The same story with variations is repeated by Diodorus Siculus (first century B.C.). Cleomedes refers to the "beggars ever present near the synagogues"; and Agatharchides (second century B.C.) says that the Jews spend every seventh day in idleness, discarding their weapons, and playing in their temple. According to Josephus, Apollonius Molo (a contemporary of Cicero) wrote a treatise against the Jews, "in which he scattered his aspersions in all directions throughout the work." He calls Moses "a conjurer and deceiver," and the Jews he describes as "godless and hostile to other men." Strabo, the geographer (c. 60 B.C.-25 C.E.), does not repeat the story of the Jews being descendants of lepers, though he evidently follows Diodorus in his representation of Jewish theology. While Manetho ascribes the expulsion of the Jews to the king's desire to regain the favor of the gods, Chæremon, a Stoic of the first half of the first century B.C., traces it to a dream which Amenophis had and in which the goddess Isis appeared to him. Isis rebuked the king for allowing her temples to be demolished in the war. "Phritiphantes, the sacred scribe, informed him that if he would purge Egypt of the men who were diseased he should no longer be troubled with such apparitions. Amenophis thereupon collected 250,000 unclean persons and drove them out of Egypt. The leaders of these people, called Moses and Joseph, made their way to Pelusium, united with 380,000 men whom Amenophis would not allow to enter the country, made war on Egypt, and overran the land for thirteen years. The son of Amenophis, when he attained to manhood, drove these persons into Syria."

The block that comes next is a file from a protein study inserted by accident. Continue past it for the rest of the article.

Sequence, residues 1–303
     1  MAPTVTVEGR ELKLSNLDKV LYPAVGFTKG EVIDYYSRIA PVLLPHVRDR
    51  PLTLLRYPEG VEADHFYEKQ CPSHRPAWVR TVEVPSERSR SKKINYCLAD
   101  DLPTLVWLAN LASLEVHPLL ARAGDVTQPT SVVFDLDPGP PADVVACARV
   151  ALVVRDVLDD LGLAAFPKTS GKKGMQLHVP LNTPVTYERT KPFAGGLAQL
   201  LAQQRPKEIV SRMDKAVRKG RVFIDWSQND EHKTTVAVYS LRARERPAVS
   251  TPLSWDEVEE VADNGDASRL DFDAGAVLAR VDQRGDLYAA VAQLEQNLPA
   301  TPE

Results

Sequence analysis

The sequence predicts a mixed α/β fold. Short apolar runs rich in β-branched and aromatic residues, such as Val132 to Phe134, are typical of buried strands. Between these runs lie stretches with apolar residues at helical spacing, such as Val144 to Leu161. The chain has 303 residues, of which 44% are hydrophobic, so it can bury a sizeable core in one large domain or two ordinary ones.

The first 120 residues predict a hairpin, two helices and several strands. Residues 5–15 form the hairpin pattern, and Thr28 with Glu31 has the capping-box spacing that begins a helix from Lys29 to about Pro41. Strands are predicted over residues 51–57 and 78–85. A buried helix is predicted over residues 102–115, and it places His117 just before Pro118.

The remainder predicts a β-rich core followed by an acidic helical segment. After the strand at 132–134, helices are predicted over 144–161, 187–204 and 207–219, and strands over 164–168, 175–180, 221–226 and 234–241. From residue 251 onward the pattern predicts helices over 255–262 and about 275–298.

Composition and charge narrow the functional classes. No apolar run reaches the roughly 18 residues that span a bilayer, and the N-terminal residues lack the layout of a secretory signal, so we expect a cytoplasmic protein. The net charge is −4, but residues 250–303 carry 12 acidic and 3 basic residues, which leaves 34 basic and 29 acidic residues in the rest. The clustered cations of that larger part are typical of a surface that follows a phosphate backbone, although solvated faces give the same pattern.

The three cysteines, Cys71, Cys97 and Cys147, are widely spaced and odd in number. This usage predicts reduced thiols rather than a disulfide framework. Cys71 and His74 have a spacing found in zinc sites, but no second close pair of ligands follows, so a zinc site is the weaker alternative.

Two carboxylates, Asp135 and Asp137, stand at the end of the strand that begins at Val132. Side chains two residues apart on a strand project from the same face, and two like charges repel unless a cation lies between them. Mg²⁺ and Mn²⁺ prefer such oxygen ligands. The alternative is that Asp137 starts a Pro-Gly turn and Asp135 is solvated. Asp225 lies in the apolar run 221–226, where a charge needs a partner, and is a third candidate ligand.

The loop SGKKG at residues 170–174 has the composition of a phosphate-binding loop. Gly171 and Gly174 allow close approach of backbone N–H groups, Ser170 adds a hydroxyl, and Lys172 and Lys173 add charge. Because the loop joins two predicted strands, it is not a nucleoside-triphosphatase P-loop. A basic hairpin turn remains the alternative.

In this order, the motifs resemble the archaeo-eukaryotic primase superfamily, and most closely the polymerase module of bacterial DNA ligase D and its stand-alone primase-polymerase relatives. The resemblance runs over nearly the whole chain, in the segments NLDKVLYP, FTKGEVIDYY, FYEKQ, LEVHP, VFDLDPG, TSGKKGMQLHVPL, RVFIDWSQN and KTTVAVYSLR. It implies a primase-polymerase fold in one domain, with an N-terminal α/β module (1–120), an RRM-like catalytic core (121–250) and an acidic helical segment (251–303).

Lysimachus of Alexandria is also mentioned and criticized by Josephus. The version by Lysimachus—thanks to Apion and Tacitus—was well known in the ancient world. According to him, in the reign of Bochoris, King of Egypt, the Jewish people, being infected with leprosy, scurvy, and other diseases, took refuge in the temples, and begged there for food. In consequence of the vast number of the persons infected, there was a failure of crops in Egypt. The oracle of Ammon being consulted, the king was told to drive into desert places all impure and impious men, and to drown all those affected with scurvy and leprosy. The king ordered the first to be driven out, and caused the others to be wrapped in sheets of lead and thrown into the sea. The former took counsel together, selected a priest named Moses as their leader, traveled amid great privation until they reached Judea, conquered it, and founded a city which they named Hierosyla (from their disposition to rob temples), but later changed it to Hierosolyma.